Monday, April 25, 2016

Ideology in the academy

My previous post on felons, gun rights and voting rights probably doesn't sit well with everyone.  And it might surprise some people that a professor would question liberal orthodoxy, either on the issue of voting rights or guns.  And serendipitously, we have a new piece over at The Monkey Cage in which Henry Farrell interviews the authors of a new book on conservatism in academia.  I haven't read the book, but I might.  Rather, here are some general thoughts on the topic.

First, let's define ideology.  My definition of ideology comes from Philip Converse's classic article, "The Nature of Belief Systems in Mass Publics."  For Converse, ideology is about constraint.  To be liberal is to be constrained to take the liberal position on a broad range of issues.  To be conservative is to take the conservative position on a broad range of issues.  Converse describes three types of constraints:  logical, psychological, and social.  A logical constraint is a principle from which one derives policy positions.  The problem is that no ideology is truly logically consistent.  Ideology comes about, then, by incorporating psychological predispositions and social influence.

Let's focus on logical constraints.  No ideology is purely logically constrained.  To me, that means that if any two people agree on all issues, at least one of them isn't thinking.  If you aren't sure whether or not that one is you, it's you.

And yet, Shields & Dunn aren't wrong to say that academia treats people poorly when their positions deviate from liberal orthodoxy.  For pedagogical reasons, I don't share my political beliefs with people who don't know me personally.  I don't want students trusting me just because I agree with them, nor do I want them using politics as a reason to reject what I say if I disagree with them.  If I obscure my positions, students must evaluate my claims and arguments on the basis of their merits.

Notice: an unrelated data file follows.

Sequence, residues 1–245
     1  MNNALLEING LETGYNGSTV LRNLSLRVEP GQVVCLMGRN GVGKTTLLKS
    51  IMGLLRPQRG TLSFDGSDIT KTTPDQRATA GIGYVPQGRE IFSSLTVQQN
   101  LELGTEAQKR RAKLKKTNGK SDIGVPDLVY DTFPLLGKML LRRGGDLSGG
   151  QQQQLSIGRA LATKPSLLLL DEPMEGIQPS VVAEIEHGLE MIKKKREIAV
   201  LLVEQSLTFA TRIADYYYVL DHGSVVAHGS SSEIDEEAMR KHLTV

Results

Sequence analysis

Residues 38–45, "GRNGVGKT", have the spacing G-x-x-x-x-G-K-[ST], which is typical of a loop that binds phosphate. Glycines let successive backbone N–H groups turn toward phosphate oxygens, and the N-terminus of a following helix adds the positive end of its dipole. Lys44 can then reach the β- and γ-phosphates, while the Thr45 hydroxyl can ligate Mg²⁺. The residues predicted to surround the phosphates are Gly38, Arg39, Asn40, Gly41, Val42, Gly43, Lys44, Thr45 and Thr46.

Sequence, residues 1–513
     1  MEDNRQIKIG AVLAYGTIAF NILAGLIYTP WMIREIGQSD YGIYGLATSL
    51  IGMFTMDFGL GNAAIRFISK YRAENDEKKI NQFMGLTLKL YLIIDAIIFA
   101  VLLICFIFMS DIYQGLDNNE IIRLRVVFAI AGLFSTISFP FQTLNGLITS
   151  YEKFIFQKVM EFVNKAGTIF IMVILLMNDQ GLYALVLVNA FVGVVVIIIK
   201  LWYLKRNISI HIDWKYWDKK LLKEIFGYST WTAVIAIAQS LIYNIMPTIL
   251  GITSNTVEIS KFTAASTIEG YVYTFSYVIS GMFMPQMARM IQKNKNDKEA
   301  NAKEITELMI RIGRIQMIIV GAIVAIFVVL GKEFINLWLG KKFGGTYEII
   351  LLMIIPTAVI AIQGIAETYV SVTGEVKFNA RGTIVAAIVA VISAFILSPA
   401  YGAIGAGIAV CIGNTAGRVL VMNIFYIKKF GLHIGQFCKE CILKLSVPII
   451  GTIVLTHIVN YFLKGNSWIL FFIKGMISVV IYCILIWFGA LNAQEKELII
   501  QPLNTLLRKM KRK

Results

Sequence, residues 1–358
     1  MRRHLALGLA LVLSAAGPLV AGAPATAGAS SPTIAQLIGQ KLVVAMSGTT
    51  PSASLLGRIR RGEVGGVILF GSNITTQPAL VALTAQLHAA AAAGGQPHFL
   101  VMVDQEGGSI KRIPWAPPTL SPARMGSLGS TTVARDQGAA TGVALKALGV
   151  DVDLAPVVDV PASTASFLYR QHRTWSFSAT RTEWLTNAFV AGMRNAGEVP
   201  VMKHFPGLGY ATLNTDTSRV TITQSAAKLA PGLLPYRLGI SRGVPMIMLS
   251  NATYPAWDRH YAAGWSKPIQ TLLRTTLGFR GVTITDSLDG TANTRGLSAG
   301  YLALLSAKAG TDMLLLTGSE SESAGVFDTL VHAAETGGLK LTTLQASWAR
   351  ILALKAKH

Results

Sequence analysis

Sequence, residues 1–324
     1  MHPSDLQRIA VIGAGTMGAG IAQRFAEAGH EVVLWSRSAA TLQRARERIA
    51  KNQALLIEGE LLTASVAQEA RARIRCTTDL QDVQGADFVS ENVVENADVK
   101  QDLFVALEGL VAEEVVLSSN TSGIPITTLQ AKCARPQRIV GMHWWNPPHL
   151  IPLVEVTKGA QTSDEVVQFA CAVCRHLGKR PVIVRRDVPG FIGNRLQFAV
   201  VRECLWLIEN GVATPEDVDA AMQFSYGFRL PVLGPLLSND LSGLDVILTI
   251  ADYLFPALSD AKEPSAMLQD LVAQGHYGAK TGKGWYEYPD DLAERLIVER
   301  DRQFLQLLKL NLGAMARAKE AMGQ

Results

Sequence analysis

Regardless, I think.  That means I have at least some positions that deviate from liberal orthodoxy.  What happens if I express such opinions around other academics?

Most don't care.  We are a narcissistic bunch.  We live in our own heads and obsess with the depth of our own great thoughts.  Boredom is other people, or something like that.

But there will always be a few who resort to ad hominem attack.  What does that cost one?  Realistically, not much.  Shields and Dunn analogize conservative professors to closeted gay people in an earlier era.

Except, you know, they don't have to worry about being physically assaulted.  Stonewall for conservative professors?  Yeah, that never happened.

And to be blunt, most probably wouldn't even have to worry about tenure decisions.  When a professor goes up for tenure, his or her file goes out to external reviewers, who look at the professor's publication record, etc., and make recommendations.  If a department deviated significantly from the external reviewers' letters, there might be grounds for a lawsuit.  If a hypothetical conservative professor publishes, he or she should be fine, regardless of personal politics.

So, what does a conservative professor really have to fear?  Realistically, not much.  We are a privileged bunch (those of us with permanent positions, anyway), and we whine far more than our conditions justify.

But there are negative social implications for stating positions that deviate from liberal orthodoxy.  As I said, I like to think for myself.  (Title of the blog, anyone?).  That means I have at least a couple of positions that deviate from liberal orthodoxy.  And to state them around other academics is to invite some serious scorn.  At the very least, conservative professors would risk losing their colleagues' respect for acknowledging their positions.

What do I lose by either pointing this out or stating heterodox positions?  Nothing.  Nobody knows me, and those who do, don't respect me anyway.  There is freedom in that.

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